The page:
MUMBAI: “Azad Jammu and Kashmir’’ (AJK) is not a term that one would expect to find on an Indian government website. But the
Aircraft Accident Investigation Bureau
(AAIB) website, until recently, had an
which carried a map that identified a region in the western portion of larger
The map was carried in the final investigation report into a “serious incident’’ which occurred in July 2019. A Vistara flight from
to Jammu was diverted due to poor weather and landed safely in Amritsar airport, but with only 460 kg of fuel left.
During the landing process, the pilots had radioed the air traffic control about their low fuel emergency with a “May Day fuel” call. The AAIB initiated an investigation and released the
The report has the map showing a region west of Line of Control (LOC), labelled “Azad Jammu and Kashmir”.
Though the caption read “Route followed by aircraft”, no flight path was marked out in the said map. In fact, the aircraft wouldn’t have crossed the LOC to fly over this region, which is Pakistan-Occupied Kashmir. TOI sought a statement from the civil aviation ministry on Monday, following which the said investigation report was pulled down.
A revised report was uploaded with a rectified map that had the route taken by the aircraft from Srinagar to Jammu and then to Amritsar. A ministry spokesperson said: “There was an error and it has been rectified.”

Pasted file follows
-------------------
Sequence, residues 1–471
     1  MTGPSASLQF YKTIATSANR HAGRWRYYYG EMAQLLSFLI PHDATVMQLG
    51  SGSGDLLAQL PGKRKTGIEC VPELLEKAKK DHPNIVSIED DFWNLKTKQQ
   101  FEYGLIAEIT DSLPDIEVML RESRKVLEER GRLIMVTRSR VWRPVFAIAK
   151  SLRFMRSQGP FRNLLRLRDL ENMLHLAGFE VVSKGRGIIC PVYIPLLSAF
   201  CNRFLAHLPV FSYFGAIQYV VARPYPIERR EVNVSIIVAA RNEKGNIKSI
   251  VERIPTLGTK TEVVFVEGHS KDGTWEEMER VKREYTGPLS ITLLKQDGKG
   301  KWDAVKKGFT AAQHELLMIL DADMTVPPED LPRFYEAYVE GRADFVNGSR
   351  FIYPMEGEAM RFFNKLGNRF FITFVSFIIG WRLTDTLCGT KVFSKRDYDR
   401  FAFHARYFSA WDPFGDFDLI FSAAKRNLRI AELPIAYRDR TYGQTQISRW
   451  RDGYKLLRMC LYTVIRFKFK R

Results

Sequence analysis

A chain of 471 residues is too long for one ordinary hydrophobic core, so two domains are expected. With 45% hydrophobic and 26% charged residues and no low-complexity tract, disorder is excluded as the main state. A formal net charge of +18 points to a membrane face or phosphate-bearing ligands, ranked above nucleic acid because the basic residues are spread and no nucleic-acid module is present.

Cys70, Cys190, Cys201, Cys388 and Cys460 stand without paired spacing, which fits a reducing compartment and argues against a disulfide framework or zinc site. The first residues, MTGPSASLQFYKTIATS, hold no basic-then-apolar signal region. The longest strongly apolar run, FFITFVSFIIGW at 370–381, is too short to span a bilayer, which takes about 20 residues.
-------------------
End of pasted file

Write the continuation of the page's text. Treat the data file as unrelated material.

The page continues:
Capt Amit Singh, an air safety expert, had tweeted the said controversial picture late on Saturday night.
“Heads should roll for this blunder, don’t you agree?,” his tweet read. Speaking to TOI, Capt Singh said: “The quality of investigation reports are so poor that no stakeholder can derive any benefit from them.”
Heads should roll for this blunder,don’t you agree?AAIB has published this figure in the VT-TTN incident report to… https://t.co/hQh0F4BINX
— Amit Singh (@flyingamit) 1610210328000
It’s not the first time that investigation reports have blunders. On June 9, 2010, TOI had carried a report titled “Mangalore crash report gets runway wrong”. The initial report into the Mangalore crash, uploaded on the ministry of civil aviation website, had erroneously marked the crash site at the end of runway 27, instead of runway 24. Following the TOI report, the map was rectified. Capt Mohan Ranganathan, an air safety expert who had pointed out the error had said: “It reflects how casual the investigation team has taken the crash that killed 158 lives”. About the latest report, showing
and Kashmir, Capt Singh said that only the link to the report says its the revised version.